Hit TV shows don’t traditionally make good theatre. They’re tightly crafted to work within a thirty minute frame work and can seem over stretched when padded out to two plus hours.
But audiences love the familiar and the chance to see their favourite characters live is irresistible whether or not they’re played by the same actors as on TV, just as long as they look and sound like the originals and have the same catch phrases.
A good example is the current hit production of ONLY FOOLS AND HORSES currently playing at the Haymarket Theatre. The critics may have been snooty but you can feel the waves of love from the audience towards the cast who are given exactly the kind of nostalgic treat they were hoping for. Seeing their TV favourites from the past is like meeting up with beloved old friends.
The producers of Ben Elton’s stage adaptation of his critically acclaimed BBC TV sitcom, UPSTART CROW must be hoping for the same response when it opens at the Gielgud Theatre on 7 February.
It stands every chance of success as it’s a new script written especially for the stage by Elton, and presumably structured accordingly. It’ll also star the same actor as the TV show. In the words of the press release “David Mitchell will once more don the bald wig and bardish coddling pouch in his iconic characterisation of Will Shakespeare”.
Mitchell and co-star Gemma Whelan (GAME OF THRONES and GENTLEMAN JACK) will be directed by Olivier award-winner Sean Foley (THE LADYKILLERS, JEEVES AND WOOSTER and THE MISER) who got a bit of a critical mauling recently for his current production THE MAN IN THE WHITE SUIT but can usually be relied upon for some excellent modern slap-stick.
David Mitchell says: “Theatre goers can look forward to a comedy steeped in authentic Shakespearean ambience in every way apart from the smell”.
On Saturday I felt very privileged to watch a slightly different version of a TV situation comedy performed live. An enterprising company called Spiteful Puppet Entertainment Limited assembled a terrific line up of comic performers to recreate the delights of vintage sitcom UP POMPEII.
It was a treat. Alas you can’t go and see it because it was only on for one day, but you can hear it, for this was a live recording of an audio performance that will be available to download after November 29th from https://spitefulpuppet.com/
And who knows, if it sells well, maybe they’ll do a stage version next.
50 years ago UP POMPEII was a TV smash hit for comedian Frankie Howard attracting a loyal following of 12 million viewers back when there was only 3 TV channels to choose from. If you’ve never heard of Frankie Howard the best thing you can do is check him out on youtube as his charms are pretty indescribable. But charming he was and absolutely hilarious with his “naughty” but world weary persona that always made you feel you were his best friend and confidante as he delighted in the world whilst despairing of it.
Unbelievably the format for UP POMPEII was lifted straight out of the Roman comedies of Plautus, in which a cunning slave always tries to get the better of his masters whilst serving them just enough that he doesn’t lose his job. In doing so Howard shared with the TV audience a non-stop barrage of double entendres and risqué gags, delivered straight to camera, which the other characters couldn’t hear.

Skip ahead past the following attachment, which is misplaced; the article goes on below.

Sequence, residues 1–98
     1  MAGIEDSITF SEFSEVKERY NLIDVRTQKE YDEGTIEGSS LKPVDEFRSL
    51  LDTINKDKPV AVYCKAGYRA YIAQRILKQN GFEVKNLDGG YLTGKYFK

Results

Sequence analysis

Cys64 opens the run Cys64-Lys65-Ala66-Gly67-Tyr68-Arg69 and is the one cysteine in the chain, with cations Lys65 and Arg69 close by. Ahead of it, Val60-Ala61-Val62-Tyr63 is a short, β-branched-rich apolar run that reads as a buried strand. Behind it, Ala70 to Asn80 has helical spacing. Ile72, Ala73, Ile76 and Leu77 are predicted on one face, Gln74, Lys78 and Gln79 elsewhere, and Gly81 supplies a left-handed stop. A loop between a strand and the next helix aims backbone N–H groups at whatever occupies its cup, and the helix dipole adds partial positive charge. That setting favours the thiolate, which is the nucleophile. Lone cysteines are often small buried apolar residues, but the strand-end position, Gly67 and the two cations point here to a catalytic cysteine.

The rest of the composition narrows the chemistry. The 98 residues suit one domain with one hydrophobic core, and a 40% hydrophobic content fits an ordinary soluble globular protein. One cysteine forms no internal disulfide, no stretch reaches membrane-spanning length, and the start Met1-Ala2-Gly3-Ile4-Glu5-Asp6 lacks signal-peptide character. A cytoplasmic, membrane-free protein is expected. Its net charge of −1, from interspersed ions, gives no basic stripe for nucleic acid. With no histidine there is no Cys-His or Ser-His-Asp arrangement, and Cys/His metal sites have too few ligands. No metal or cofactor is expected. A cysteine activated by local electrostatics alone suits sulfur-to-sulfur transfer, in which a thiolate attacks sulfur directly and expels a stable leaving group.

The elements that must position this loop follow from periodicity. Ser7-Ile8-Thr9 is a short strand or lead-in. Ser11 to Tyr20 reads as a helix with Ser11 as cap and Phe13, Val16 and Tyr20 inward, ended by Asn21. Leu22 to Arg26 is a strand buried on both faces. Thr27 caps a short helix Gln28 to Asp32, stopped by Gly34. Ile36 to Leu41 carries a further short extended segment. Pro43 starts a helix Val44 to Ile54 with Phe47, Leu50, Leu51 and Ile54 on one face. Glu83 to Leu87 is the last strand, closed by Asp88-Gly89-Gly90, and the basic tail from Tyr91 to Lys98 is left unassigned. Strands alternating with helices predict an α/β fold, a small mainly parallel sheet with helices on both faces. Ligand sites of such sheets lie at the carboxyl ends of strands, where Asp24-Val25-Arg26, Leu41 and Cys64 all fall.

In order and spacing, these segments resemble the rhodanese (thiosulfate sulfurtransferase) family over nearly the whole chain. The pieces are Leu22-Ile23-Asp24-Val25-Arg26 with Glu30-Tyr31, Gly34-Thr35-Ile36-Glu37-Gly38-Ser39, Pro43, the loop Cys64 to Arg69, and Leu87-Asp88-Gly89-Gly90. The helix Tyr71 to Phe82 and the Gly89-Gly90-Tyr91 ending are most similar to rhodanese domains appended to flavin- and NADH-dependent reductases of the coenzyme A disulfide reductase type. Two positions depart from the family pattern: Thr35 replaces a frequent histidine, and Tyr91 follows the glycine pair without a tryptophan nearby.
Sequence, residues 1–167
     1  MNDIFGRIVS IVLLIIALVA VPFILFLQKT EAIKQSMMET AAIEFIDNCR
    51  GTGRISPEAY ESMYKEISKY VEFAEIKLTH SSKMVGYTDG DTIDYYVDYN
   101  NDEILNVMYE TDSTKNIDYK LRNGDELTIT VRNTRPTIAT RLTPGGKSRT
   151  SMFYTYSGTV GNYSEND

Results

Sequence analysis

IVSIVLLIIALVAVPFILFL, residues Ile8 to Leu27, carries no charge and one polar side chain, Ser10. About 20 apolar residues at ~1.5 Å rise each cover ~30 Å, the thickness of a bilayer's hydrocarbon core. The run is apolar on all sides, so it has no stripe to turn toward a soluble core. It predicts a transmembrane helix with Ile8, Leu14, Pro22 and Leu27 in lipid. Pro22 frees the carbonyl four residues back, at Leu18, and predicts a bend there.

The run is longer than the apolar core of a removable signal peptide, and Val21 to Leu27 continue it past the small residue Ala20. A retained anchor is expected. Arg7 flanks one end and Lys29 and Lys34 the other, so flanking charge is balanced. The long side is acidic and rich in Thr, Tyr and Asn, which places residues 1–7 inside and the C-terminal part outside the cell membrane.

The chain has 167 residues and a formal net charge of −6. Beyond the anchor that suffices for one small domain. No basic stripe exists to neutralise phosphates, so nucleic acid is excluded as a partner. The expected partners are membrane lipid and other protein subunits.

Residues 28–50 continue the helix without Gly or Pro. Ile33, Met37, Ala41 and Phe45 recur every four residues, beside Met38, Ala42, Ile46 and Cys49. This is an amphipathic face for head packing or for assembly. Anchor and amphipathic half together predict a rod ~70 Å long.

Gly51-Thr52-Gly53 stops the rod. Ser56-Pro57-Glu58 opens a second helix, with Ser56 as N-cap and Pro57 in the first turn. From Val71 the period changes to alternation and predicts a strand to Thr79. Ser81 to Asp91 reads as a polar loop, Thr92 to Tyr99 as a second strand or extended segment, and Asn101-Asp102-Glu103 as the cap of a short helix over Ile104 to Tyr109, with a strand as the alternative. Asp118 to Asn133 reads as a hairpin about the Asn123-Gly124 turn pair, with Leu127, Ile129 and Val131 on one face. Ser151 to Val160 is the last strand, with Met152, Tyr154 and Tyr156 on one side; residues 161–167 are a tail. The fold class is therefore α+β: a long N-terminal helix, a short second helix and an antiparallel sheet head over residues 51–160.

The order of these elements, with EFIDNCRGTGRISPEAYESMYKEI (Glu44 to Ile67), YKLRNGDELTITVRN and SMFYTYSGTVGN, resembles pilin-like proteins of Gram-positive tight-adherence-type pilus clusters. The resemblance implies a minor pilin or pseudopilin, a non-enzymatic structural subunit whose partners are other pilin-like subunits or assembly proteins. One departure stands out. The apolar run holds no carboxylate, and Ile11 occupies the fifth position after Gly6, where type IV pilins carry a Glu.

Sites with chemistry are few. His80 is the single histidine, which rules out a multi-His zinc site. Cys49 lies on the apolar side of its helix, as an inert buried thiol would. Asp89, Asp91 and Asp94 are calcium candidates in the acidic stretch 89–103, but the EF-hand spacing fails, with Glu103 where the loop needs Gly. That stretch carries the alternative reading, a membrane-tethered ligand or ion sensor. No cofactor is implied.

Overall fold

Frankie Howard died quite some time ago but on Saturday we had the next best thing in the shape of the brilliant comedy performer David Benson whose impersonation is so spot on and effortless that if you close your eyes you’d swear you were listening to the original.
Joining him were a cracking cast including Frazer Hines (‘Emmerdale’/’Dr Who’) as his befuddled master - Ludicrus Sextus, the stunningly beautiful Cleo Rocos (‘The Kenny Everett Show’/’Celebrity Big Brother’) as Ludicrus’ mistress - Suspenda, and Tim Brooke-Taylor OBE (best known as one third of the TV comedy trio The Goodies and a panelist of ’I’m Sorry I Haven’t a Clue’ on BBC R4 for 40 years) as a roguish sea captain.
But is it still funny? I must confess I only have to hear a few sentences from Howard/Benson and it gets me smiling from ear to ear but to fully immerse yourself in the humour you do have to forgo our contemporary attitudes to the way women are portrayed on stage ans screen.
As in the original Roman comedies nearly all the female characters are drawn with an insatiable sexual appetite desperate to bed the male characters who struggle to satisfy them, yet the men get all the funny lines so that the women are almost props to set up the gags. Such two dimensional female roles would be unacceptable today. Perhaps because of this the audience on Saturday afternoon was almost entirely older men.
I saw the very first session of the day and the performers hadn’t quite warmed into things so that most of the big laughs came from them fluffing their lines but there was every indication that Benson was going to let rip and be at his hilarious best as the days recording went on. The performers also struggled to keep the comedy sparkling whilst a series of cumbersome and over long sound effects kept dragging the pace down.
But “worry not” as Frankie might have said. The eventual recording will be assembled from the very best bits of the day edited to maximum comic effect.
I have every expectation that the finished audio will be hilarious and a laugh-out-loud treat for fans old and new.